Iconic songs, superb musicianship drive ’Lost Highway’
It should be surprising that the tale of the meteoric rise and tragic plunge of country music superstar Hank Williams would make for a crowd-pleasing piece of musical theater. After all, “Hank Williams: Lost Highway” pulls no punches. Williams’ drug and alcohol abuse, insecurity, narcissism and womanizing are given plenty of attention. Yet this bad behavior is balanced well by the power of his beautiful music, emphasizing the fact that while his life was short, his impact on American music was indelible.
Director John Lepard assembled a cast of skilled local musicians and actors to play Williams and his band of Drifting Cowboys in this production, part of Lansing Community College’s “Summer Stage Under the Stars” series. Because the music was performed live, authenticity required that the musicians know the genre well, and this cast did. No surprise, since most had experience in local roots and alt-country bands and/or have worked at Elderly Instruments, a local institution for stringed instrument buyers with a national reputation.
The cast included Derek Smith (Williams), Joe Bakaitis (Shag) and Chris Hamilton (Jimmy), who all fit both criteria above. Fiddle player Nate Bliton (Leon) is a recent MSU composition graduate, while Drew Howard (Hoss) has 30 years of performing experience, primarily as a musician. While Howard and Hamilton had some acting under their belts, the rest cut their teeth on this pro- duction.
Smith proved to be a capable actor. He imbued Williams with the com-plexity to make the audience laugh, as he set his Mama (Chris Purchis) and his girlfriend — later his wife —Audrey (Corrina Van Hamlin) at each other’s throats, then gasping in disgust as Williams tries to manipulate his band mate-turned-babysitter into giving him alcohol.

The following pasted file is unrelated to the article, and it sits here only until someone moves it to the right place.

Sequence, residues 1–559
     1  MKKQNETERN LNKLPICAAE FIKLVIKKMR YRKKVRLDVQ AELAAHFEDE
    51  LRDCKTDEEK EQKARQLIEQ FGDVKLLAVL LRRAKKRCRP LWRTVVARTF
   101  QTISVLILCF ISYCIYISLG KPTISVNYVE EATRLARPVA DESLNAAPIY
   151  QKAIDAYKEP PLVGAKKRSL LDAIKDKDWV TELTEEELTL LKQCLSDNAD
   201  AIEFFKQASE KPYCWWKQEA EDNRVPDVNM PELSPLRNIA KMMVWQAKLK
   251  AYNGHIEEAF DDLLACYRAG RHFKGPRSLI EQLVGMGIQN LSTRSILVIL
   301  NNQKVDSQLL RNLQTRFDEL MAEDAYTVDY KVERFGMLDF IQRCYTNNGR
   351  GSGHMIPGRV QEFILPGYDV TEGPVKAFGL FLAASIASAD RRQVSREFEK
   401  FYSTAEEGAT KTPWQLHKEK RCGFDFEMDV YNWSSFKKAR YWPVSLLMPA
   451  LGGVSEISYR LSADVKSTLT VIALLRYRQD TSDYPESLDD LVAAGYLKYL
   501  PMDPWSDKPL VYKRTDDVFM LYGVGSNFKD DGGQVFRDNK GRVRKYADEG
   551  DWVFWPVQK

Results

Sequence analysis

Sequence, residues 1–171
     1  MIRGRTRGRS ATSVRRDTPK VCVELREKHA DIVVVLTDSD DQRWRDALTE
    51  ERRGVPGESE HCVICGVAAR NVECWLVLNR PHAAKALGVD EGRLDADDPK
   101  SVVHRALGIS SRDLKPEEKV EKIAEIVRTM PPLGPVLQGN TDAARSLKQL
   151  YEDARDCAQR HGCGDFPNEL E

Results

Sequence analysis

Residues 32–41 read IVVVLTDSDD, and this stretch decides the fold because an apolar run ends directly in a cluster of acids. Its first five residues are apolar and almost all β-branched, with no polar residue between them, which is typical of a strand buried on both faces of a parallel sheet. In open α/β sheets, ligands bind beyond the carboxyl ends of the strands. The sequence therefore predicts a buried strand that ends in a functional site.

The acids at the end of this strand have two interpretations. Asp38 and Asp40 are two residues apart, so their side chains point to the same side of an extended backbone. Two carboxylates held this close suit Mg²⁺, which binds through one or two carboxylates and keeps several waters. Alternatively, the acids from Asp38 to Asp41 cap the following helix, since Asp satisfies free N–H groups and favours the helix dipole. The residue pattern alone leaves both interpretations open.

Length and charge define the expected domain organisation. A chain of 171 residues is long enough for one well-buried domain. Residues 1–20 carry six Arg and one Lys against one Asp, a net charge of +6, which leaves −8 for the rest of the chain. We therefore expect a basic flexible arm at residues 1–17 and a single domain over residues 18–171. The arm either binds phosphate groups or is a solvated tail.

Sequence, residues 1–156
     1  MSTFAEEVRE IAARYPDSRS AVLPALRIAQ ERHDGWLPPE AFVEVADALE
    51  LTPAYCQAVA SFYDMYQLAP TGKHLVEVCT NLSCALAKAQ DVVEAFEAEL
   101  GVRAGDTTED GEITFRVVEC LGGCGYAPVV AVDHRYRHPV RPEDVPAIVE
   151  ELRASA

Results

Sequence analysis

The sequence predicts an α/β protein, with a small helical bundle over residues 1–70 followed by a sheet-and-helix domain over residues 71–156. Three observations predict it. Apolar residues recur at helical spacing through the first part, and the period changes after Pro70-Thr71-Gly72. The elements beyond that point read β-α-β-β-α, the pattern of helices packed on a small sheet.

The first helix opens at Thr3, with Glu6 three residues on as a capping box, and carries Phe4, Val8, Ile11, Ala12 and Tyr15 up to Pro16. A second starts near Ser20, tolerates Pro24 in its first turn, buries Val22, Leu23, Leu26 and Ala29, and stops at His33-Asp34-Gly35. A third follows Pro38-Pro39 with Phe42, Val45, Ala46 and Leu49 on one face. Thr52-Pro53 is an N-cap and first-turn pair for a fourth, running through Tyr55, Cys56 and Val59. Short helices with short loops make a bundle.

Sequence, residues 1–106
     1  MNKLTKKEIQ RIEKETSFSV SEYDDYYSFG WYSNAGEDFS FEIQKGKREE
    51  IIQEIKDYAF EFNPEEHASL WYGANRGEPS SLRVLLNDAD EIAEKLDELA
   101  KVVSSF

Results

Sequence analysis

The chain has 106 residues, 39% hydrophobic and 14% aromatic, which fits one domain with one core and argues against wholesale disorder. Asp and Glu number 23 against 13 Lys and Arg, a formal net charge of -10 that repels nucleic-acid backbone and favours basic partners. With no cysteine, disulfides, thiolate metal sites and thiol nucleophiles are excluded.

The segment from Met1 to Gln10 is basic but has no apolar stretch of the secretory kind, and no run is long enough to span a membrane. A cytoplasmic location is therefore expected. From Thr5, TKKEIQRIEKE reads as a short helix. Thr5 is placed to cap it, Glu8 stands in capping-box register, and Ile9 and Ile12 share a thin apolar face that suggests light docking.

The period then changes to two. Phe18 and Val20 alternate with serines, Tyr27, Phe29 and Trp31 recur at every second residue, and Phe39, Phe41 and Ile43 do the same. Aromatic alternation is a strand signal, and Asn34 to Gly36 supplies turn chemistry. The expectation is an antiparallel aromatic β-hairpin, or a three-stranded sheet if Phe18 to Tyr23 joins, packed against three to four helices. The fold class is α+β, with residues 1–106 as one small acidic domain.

Randal Myler and Mark Harelik’s script is well-crafted as it alternates between scenes of Williams’ turbulent personal life and his triumphant professional one. In the hands of a lesser musician, the musical performances alone would not balance the ugliness of Williams’ behavior. Smith has the pipes to bring gravitas to the loss of a talent like Williams. One standout example came when Williams is learning the blues from his mentor, Tee-Tot (Sineh Wurie). Williams finds his voice, as he follows Tee-Tot’s lead, until the two finish the piece in a delicate, harmonic crescendo that enraptured the audience.
Tee-Tot served as a mentor for Williams and also a musical prophet for the tragedy to come. Unlike the musicians in the band, Wurie is primarily an actor. He more than matched the skills of the band, delivering powerful a capella pieces with the soul of an experienced bluesman.
One disappointing aspect of the play is that more LCC Theatre students or alumni weren’t cast. Loading the cast with experienced musicians was necessary, but it would have been gratifying to see more LCC students or alumni in supporting roles.
The other disappointment is that LCC summer shows run five consecutive nights, from Wednesday to Sunday, which means it’s already over. However, the show requires a minimal set, and it could be produced in any good-sized auditorium. While being on the road may have killed Williams, the cast of “Lost Highway” might consider taking this show on tour. Like Williams’ life, its time on the stage was too short.